QUOTE(evigrex @ Jul 21 2004, 03:25 PM)
The argument presented is that insulin resistance leads to acne.Ã‚Â Ã‚Â So, why isn't the insulin resistant population suffering from acne more than those with normal glucose tolerance.
LOL, I truly enjoy this about you. ;-) I honestly wish that the others would debate with as much energy and passion as you put forth. While I answered your diabetes, Insulin resistance question already on Page 1, I will clarify a "few" things.
First of all, you are forgetting to account for the fact that most Diabetics (90%) are Type II Diabetics.
Type II Diabetes is very strongly thought to be brought on from Insulin Resistance. Insulin Resistance leads to Type II Diabetes, which if prolonged & severe enough, Type I Diabetes can result. Of course, people are born with Type I Diabetes and require insulin injections (they don't overproduce), and as such, my initial impression is that no, I wouldn't expect most of these individuals to be hyperandrogenic or obese, let alone have acne. They lack certain things that Type IIs and the "normal" population have and it will affect them in many ways. After glimpsing at a few studies theys were more in favor of Erectile dysfunction for "Diabetics" or Type I Diabetics but said that Type IIs had a greater chance the longer they went untreated (slower becoming Type I?). http://www.ncbi.nlm....t_uids=11431598http://www.ncbi.nlm....t_uids=10869326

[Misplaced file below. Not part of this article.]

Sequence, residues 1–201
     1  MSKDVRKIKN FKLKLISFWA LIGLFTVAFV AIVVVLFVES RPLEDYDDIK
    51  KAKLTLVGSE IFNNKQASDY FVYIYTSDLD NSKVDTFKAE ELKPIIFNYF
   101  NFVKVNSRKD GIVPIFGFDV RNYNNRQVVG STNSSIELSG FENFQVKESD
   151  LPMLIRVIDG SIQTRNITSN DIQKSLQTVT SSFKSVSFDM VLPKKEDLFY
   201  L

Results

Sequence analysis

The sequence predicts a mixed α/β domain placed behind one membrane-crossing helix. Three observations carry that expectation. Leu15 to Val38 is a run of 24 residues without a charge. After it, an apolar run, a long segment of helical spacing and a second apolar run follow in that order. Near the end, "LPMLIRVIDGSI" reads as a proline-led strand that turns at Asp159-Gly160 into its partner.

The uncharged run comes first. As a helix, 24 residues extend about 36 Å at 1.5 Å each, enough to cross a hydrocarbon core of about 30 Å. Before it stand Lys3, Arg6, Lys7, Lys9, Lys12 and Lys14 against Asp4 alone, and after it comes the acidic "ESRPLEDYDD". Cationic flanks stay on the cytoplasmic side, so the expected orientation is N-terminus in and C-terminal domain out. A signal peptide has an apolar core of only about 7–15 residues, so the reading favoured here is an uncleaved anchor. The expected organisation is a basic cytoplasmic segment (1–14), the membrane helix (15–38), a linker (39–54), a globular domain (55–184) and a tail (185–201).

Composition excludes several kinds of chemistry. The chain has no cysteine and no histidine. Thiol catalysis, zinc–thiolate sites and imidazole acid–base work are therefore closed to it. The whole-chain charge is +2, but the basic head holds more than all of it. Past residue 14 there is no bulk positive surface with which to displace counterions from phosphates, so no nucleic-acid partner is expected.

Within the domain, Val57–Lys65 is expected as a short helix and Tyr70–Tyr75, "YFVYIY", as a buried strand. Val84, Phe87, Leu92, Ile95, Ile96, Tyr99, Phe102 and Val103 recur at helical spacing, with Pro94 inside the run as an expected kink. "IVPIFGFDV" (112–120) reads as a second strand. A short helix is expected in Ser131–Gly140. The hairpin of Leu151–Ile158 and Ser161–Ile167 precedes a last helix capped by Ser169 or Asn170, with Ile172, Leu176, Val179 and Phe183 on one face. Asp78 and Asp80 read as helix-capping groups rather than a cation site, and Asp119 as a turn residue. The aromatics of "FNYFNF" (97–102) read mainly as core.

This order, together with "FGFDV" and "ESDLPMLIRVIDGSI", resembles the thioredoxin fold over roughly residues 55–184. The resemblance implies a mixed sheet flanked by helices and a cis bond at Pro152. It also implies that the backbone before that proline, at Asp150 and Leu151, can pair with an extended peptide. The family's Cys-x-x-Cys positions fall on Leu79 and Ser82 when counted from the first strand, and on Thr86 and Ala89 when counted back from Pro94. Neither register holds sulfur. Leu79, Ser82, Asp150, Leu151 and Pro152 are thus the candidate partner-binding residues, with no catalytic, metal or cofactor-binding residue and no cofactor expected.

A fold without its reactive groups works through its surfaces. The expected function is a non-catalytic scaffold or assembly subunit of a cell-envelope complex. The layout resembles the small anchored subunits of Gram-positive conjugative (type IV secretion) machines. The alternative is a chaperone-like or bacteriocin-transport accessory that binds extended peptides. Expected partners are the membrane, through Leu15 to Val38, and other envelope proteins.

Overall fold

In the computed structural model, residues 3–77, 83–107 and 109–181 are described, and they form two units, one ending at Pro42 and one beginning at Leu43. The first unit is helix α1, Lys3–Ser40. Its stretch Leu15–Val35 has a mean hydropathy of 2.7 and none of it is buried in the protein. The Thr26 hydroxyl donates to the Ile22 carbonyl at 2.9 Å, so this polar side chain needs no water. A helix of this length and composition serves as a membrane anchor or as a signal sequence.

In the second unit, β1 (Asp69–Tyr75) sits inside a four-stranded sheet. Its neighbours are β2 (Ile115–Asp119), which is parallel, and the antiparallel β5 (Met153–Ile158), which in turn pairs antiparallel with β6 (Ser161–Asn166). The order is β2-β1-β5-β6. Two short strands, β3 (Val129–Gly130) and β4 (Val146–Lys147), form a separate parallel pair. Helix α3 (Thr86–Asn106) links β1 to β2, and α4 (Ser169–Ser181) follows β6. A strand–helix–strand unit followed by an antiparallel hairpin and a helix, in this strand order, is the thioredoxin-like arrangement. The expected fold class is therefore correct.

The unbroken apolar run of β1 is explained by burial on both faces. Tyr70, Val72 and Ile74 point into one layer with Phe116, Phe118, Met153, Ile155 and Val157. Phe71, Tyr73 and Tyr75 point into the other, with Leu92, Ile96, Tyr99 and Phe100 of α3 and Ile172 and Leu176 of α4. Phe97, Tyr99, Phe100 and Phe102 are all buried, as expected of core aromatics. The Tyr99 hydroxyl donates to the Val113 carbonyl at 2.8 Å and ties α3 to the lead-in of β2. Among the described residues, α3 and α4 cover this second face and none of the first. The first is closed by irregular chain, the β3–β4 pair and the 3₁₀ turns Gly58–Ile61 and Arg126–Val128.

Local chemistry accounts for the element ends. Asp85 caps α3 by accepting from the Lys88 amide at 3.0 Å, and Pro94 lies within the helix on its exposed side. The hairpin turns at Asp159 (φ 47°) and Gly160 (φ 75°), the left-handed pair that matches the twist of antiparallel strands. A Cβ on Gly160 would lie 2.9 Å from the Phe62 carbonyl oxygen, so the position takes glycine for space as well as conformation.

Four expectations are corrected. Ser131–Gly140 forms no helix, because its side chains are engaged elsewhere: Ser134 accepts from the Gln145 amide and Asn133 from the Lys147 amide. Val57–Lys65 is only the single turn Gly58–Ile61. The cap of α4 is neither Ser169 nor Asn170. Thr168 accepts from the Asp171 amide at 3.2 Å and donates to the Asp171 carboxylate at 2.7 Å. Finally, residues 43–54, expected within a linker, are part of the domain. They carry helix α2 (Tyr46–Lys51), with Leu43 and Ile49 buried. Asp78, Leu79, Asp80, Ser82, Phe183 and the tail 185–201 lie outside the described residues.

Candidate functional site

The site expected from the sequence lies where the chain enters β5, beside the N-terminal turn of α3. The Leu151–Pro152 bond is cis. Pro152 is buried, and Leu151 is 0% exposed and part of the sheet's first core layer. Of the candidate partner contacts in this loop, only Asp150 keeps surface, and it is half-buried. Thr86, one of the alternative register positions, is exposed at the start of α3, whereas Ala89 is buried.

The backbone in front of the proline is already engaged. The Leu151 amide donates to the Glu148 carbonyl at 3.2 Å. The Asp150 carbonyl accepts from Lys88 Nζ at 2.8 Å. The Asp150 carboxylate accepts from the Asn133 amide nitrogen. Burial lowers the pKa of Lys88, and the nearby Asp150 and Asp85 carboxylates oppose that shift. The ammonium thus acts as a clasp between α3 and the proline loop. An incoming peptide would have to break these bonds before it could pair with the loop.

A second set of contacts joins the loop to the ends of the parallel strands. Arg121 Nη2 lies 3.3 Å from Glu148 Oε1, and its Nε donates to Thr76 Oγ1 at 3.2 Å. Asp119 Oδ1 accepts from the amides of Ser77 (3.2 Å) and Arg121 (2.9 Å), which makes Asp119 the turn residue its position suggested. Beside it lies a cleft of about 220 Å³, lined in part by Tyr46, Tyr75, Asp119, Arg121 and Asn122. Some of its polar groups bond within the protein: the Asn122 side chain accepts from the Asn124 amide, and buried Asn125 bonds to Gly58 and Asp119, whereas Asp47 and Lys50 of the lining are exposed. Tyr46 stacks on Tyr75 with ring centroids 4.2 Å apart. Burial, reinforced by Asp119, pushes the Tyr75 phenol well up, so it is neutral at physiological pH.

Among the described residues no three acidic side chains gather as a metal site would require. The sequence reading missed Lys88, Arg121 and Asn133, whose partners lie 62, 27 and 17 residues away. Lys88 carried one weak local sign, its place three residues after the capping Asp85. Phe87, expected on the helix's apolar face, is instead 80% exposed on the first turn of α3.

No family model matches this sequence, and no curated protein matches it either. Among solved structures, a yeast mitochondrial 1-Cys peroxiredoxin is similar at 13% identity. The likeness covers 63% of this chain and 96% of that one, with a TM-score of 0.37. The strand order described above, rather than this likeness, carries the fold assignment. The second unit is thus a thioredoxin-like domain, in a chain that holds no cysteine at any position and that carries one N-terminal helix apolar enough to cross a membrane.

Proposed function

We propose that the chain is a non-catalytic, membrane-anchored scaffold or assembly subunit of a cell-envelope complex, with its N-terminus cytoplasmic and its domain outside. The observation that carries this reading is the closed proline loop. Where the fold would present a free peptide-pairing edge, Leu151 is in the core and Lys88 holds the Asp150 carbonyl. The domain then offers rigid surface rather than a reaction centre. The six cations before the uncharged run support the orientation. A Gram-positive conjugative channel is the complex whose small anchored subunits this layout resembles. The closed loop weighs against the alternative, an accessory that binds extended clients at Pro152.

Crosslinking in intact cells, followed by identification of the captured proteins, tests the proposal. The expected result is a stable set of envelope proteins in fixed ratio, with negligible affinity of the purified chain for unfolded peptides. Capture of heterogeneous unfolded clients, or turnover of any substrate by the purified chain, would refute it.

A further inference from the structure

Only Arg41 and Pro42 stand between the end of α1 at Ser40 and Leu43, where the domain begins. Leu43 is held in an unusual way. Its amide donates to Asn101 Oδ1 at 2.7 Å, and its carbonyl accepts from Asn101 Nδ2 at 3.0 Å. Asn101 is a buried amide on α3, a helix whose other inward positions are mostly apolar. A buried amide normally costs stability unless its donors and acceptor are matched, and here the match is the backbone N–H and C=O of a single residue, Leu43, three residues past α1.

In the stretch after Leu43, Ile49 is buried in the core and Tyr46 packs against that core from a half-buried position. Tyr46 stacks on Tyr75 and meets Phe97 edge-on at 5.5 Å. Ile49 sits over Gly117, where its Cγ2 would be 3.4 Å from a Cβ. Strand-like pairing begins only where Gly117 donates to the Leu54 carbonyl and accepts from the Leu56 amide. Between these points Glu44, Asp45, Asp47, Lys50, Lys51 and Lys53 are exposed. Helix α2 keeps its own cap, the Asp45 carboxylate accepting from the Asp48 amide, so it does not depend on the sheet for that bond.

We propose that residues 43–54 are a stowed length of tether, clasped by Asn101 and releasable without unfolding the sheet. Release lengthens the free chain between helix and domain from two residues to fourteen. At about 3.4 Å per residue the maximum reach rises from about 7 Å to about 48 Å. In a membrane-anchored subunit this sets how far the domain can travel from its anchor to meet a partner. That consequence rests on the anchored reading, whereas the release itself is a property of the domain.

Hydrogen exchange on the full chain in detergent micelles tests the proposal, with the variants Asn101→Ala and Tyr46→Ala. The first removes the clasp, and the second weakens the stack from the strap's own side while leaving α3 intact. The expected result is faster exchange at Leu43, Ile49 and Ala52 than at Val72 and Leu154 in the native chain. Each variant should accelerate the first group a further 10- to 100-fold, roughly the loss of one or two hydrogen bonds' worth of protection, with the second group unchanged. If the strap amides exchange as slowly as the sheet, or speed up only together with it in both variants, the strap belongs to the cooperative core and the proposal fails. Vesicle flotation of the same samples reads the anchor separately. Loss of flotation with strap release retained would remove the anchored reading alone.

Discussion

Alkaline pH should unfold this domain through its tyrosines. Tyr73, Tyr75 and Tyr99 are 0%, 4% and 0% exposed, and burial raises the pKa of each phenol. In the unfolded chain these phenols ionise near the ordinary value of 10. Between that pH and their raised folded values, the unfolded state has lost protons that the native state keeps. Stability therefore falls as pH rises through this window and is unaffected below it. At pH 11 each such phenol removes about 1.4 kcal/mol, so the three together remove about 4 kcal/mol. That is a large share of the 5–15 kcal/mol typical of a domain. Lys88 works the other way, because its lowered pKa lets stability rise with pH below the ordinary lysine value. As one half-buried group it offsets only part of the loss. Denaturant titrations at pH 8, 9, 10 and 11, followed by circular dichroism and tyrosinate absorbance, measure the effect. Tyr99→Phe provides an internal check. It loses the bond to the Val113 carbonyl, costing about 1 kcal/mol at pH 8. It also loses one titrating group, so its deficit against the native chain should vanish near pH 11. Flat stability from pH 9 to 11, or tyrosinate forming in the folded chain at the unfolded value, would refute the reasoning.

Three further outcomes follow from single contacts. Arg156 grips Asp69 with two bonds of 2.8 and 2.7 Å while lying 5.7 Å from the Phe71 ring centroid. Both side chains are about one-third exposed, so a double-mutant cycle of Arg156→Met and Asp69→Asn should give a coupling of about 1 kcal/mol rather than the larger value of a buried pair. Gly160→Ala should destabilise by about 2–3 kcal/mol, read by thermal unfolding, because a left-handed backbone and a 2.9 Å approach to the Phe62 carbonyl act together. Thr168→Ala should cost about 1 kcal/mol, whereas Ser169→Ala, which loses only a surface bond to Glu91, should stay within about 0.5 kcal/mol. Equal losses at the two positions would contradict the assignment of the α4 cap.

Once again, I have had 2 Glucose Tolerance Tests run since April 2001, and while I don't have copies of all the results my doctor repeatedly said I was "either Insulin Resistant or PCOS" Every 3 or 4 months, he continually tested my hormone levels for cholesterol (normal), glucose (normal), several of the androgens, adrenal hormones, liver enzymes, etc. He not only checked my hematocrit (normal), but he also checked me for several anemias, a gluten intolerance, and other hormonal disorders which all came out negative. Yet, Diabetes Type II has hit a few members of my fathers side, most are borderline so I know I'm susceptible and fall into one of those groups and since IR leads to PCOS, I just say that I'm IR. Furthermore, the proof is in the results from using the medication for over a year. However I am no longer taking it because dietary changes were more effective for me.